Here's proof that pressure is a choice. When was the last time you complained about how you needed to catch up on something? Maybe it was email, television, work, sleep, laundry, life goals, books, podcasts, social media, celebrity gossip, news, whatever. For some reason, you felt a nagging sense of being behind. The problem is, most of us have not mastered this skill. We allow external forces such as culture and friends and trends to determine our priorities for us, rather than engaging in activities that are uniquely appealing to us. All because we're afraid of missing out. Our fear is that we won't be able to join the conversation at work about that stupid zombie show, lose our social status and bragging rights, get rejected from our peer group, get fired, go broke and die alone. Pressure is a choice.
UNRUSHING — Building a narrative around your priorities that supports and enhances an overall experience of fulfillment and calm
On the other end of the attitudinal spectrum, people who have a healthy, prosperous and relaxed relationship with time rarely make these kinds of statements. They never bemoan their need to catch up on anything, since they trust that they have plenty of time to do everything. They don't fall behind on their life because they practice complete abstinence from ever complaining about anything time related. The only people who stress about needing to catch up on things are the ones who live in a victim position in regards to their time. And sure, everyone's life gets busy, stressful and overwhelming. Nobody is immune to the ordinary misery of human existence. But for the most part, the more you complain about needing to catch up on things, the less healthy of a relationship you have with your priorities. Period. If you're concerned that your time is managing you, not the other way around, consider some of these questions. Are you inventing things to do to avoid the important? Are you satisfied with the way you currently spend time? Are you spending priority time with problem people or potential people? Can you live with the consequences of not doing this? Did someone else ask you to do this for their purposes? Do you know how much money one hour of your time is worth? How much time do you spend on obligations imposed by others? What are you doing that makes no sense at all? What are you doing today to increase your freedom tomorrow? What drives you into a desert of meaningless activity? What in your life would change if you believed you had all that you needed? Now if you'll excuse me, season four of the zombie show just got released, and I gotta go catch up. What if you accepted that pressure was a choice?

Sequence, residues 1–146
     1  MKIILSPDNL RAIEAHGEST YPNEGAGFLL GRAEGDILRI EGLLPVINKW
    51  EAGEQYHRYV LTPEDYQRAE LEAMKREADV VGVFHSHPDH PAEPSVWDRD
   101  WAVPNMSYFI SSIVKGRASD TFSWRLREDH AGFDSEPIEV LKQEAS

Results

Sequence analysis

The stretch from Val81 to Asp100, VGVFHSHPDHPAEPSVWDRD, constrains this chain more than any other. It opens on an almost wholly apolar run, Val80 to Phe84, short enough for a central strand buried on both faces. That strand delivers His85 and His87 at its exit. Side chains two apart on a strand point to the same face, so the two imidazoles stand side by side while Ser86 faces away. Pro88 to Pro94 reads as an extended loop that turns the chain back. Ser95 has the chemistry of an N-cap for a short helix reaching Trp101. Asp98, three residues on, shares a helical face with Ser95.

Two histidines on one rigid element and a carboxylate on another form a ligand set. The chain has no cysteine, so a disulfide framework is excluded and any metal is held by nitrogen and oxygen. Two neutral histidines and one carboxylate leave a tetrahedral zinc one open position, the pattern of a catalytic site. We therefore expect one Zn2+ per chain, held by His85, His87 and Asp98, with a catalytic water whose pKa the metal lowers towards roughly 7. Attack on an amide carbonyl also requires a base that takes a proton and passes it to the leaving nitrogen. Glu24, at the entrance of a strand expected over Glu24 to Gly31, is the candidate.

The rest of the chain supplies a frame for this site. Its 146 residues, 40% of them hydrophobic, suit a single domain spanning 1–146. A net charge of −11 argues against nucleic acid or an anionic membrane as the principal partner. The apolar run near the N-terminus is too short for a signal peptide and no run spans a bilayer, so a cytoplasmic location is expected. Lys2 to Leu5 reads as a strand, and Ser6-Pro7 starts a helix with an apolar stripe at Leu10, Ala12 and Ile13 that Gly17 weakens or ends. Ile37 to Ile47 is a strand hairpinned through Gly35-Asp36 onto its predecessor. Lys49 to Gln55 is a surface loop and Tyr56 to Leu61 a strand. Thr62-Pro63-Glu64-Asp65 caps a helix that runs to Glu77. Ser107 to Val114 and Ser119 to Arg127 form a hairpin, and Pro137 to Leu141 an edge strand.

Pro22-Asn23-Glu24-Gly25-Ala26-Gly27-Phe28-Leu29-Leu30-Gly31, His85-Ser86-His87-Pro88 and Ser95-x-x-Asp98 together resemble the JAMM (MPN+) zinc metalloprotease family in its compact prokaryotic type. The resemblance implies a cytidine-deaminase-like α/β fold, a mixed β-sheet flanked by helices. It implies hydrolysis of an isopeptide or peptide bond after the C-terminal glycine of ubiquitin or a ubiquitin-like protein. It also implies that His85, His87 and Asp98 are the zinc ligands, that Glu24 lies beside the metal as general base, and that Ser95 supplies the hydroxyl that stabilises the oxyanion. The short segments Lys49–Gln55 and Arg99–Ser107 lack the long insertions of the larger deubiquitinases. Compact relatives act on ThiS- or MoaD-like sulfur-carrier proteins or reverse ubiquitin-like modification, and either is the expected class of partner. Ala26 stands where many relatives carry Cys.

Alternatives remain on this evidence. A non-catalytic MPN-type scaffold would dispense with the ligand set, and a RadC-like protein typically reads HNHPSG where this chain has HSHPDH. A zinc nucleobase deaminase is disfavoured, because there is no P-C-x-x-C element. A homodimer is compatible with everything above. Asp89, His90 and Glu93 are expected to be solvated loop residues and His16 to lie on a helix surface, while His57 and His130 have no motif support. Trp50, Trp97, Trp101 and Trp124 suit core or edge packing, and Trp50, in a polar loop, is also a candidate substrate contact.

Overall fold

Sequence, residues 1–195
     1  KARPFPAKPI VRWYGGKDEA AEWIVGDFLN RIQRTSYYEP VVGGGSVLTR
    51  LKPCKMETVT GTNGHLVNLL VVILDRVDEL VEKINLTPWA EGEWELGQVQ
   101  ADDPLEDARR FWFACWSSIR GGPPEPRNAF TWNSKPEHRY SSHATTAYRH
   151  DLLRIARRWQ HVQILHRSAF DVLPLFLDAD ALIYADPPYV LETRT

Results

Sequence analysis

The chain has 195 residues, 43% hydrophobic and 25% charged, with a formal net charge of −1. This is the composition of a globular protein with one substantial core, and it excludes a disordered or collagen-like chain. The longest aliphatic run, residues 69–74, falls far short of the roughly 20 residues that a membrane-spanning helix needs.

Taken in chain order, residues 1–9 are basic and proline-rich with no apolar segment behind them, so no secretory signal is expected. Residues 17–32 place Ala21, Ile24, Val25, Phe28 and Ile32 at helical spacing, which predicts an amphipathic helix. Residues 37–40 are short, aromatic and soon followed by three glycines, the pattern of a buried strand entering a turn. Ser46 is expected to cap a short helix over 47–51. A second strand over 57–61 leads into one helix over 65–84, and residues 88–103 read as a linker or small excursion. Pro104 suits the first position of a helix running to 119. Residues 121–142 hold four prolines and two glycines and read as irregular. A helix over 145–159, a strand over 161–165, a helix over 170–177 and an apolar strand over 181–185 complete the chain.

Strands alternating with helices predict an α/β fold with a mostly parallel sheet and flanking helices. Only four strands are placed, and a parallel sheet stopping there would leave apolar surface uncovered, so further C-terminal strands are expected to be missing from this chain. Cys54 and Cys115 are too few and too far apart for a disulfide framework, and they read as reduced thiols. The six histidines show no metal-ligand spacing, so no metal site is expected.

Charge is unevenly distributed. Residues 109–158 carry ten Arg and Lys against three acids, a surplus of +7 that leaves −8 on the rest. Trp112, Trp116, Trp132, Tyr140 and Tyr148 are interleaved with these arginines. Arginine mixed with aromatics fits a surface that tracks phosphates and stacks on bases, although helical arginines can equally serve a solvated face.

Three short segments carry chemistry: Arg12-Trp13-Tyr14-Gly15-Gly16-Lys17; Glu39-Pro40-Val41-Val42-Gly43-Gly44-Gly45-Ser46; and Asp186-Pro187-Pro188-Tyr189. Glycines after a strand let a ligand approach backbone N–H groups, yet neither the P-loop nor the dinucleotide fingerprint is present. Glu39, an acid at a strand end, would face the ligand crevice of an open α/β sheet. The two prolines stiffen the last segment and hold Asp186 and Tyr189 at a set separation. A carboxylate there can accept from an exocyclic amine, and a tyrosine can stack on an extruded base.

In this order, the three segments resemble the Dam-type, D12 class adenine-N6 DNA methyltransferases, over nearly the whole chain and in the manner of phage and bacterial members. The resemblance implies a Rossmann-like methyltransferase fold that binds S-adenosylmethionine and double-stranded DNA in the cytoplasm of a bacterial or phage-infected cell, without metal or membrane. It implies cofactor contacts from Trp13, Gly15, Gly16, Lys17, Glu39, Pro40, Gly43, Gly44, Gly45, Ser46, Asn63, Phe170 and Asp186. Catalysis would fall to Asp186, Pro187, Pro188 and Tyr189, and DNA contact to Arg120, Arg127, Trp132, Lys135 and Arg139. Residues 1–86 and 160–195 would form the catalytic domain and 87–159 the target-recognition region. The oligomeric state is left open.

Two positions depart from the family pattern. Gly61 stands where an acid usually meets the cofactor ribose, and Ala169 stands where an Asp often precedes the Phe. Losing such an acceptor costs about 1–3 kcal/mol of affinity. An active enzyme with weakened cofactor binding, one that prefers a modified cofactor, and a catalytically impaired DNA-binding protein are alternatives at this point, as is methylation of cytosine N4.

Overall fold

Like the two women who were seated next to me on the subway. One of them was stressing about the upcoming three day weekend, as she needed to spend the bulk of her time catching up on the past three seasons of that new zombie apocalypse series everybody was talking about at the office. Keep in mind, that was a choice she made. Pressure she put on herself to keep up with something that other people deemed meaningful. When the reality is, all of that stress could have been avoided from day one, if she had a better handle on identifying and managing her priorities.
Unrushing is the perfect way to keep your priorities aligned with your own values. Reminding you that pressure is a choice. How often do you complain about needing to catch up on things?
Never complain about being behind on things again
Take yourself out of the victim position in regards to time
Feel less stressed, pressured and rushed in your daily routine
Become the source of time and make as much of it as you want